In this edition we feature some inspiring examples from across the globe of government efforts to support local communities gain greater benefits from sustainably managed ocean resources, balanced with protected areas to support resilience and prosperity; to deal more comprehensively with ocean stressors such as plastic pollution and climate change and to promote the crucial role of marine science in supporting evidence-led ocean governance.
Science-led ocean governance
Inspired by the mission of the UN Decade of Ocean Science to deliver “the science we need for the ocean we want”, the head of the Philippines’ Department of Environment and Natural Resources underlined that “the present state of the ocean, the threats to it, and its proper management are all governed by science,” as the country’s celebration of the “Month of the Ocean” got underway. We would agree that an evidence-led approach to ocean governance is crucial and greater scientific knowledge underpins policies to address anthropogenic impacts on the ocean and informs sustainable use of the ocean’s resources.
Just how much of the ocean remains undiscovered is highlighted by a new publication from India’s Ministry of Environment, Forest and Climate Change which investigates the country’s deep sea biodiversity for the first time. A culmination of scientific efforts which date back to a pioneering Indian Ocean expedition in 1874, this work spans three centuries and catalogues over 4,300 species, ranging from single-celled organisms to 31 large species of marine mammal. Much of the scientific exploration was conducted to depths of 2,000m, leaving areas of up to 6,000m depth or more, including hydrothermal vents, submarine canyons, deep sea trenches, and seamounts completely unexplored. Whilst there is much still to know, the many years of patient study will “support knowledge on conserving and managing deep sea faunal resources and pave the way for their sustainable use”, according to the lead author.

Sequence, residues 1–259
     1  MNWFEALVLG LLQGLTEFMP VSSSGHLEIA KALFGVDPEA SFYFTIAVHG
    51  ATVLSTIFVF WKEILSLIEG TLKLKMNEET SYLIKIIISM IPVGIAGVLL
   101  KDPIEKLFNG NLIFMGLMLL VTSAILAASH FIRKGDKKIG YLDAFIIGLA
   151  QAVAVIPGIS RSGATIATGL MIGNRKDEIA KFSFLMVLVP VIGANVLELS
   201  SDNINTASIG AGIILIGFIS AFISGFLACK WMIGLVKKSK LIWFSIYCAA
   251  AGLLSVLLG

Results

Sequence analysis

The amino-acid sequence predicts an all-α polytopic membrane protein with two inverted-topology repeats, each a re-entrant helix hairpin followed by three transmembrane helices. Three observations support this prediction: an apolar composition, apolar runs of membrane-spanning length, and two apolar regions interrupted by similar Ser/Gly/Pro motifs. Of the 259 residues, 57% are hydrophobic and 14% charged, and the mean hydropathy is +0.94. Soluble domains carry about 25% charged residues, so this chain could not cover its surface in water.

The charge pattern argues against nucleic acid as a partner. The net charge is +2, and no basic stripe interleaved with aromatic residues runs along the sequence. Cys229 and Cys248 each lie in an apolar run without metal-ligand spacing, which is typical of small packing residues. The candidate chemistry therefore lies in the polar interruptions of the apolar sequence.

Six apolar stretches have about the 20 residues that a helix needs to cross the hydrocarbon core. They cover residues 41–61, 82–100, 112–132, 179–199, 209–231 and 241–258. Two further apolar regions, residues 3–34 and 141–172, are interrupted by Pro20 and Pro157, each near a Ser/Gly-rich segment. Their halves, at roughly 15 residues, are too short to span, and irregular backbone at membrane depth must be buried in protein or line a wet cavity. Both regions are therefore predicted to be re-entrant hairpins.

For ocean science to better inform ocean governance, efforts are needed to enhance scientific understanding, improve scientific assessments, strengthen capacity to undertake marine science and improve dialogue between ocean scientists, policy makers and managers, noted the Deputy Permanent Representative of Barbados to the UN upon the launch of the Second World Ocean Assessment report on Earth Day. The assessment charts an alarming rate of deterioration in ecosystem services from marine and coastal ecosystems, due to compounding human pressures including climate change. Capacity-building, sharing scientific knowledge and collaboration to develop and transfer innovative marine technology are essential to empower states to fully participate in and benefit from the conservation and sustainable use of the ocean and assist them in meeting their international obligations.
Supporting sustainability in fisheries
Several countries are working hard to support sustainable use of the ocean and local livelihoods. This month Ghana’s Minister of Fisheries and Aquaculture Development opened a new regional monitoring, control and surveillance centre to address illegal, unreported and unregulated fishing (“IUU fishing”) and other maritime crimes in the region. IUU fishing is estimated to cost the economies of West Africa $300m in lost landed catch values, in addition to undermining local fisher livelihoods, fish stock sustainability and associated marine ecosystems. Enhanced regional coordination and cooperation facilitated via the new centre will empower more robust fisheries governance in a region that has long been plagued by illegal activities at sea. Maritime domain awareness more broadly supports cooperation between states and provides a foundation for legal, licensed and regulated activities across all blue economy sectors, including marine protected areas.
Mitigation against IUU fishing and supporting marine science are two of the reasons cited by the Government of Australia in support of their decision this month to designate 740 km² of ocean around Christmas and Cocos Keeling Islands as a new marine protected area (MPA). This is twice the size of the Great Barrier Reef Marine Park and the move to protect this area, hailed as a globally significant natural wonder and an important contribution to the health of the global ocean, was roundly welcomed by conservation organisations. Described by the Environment Minister as a relatively undisturbed and undiscovered marine treasure, it is hoped the new MPA will support ocean health, scientific research and the blue economy. Balancing the needs of the local fishing communities and other stakeholders in co-designing the new MPA will be critical if it is to deliver triple wins for local people, climate resilience and the marine environment.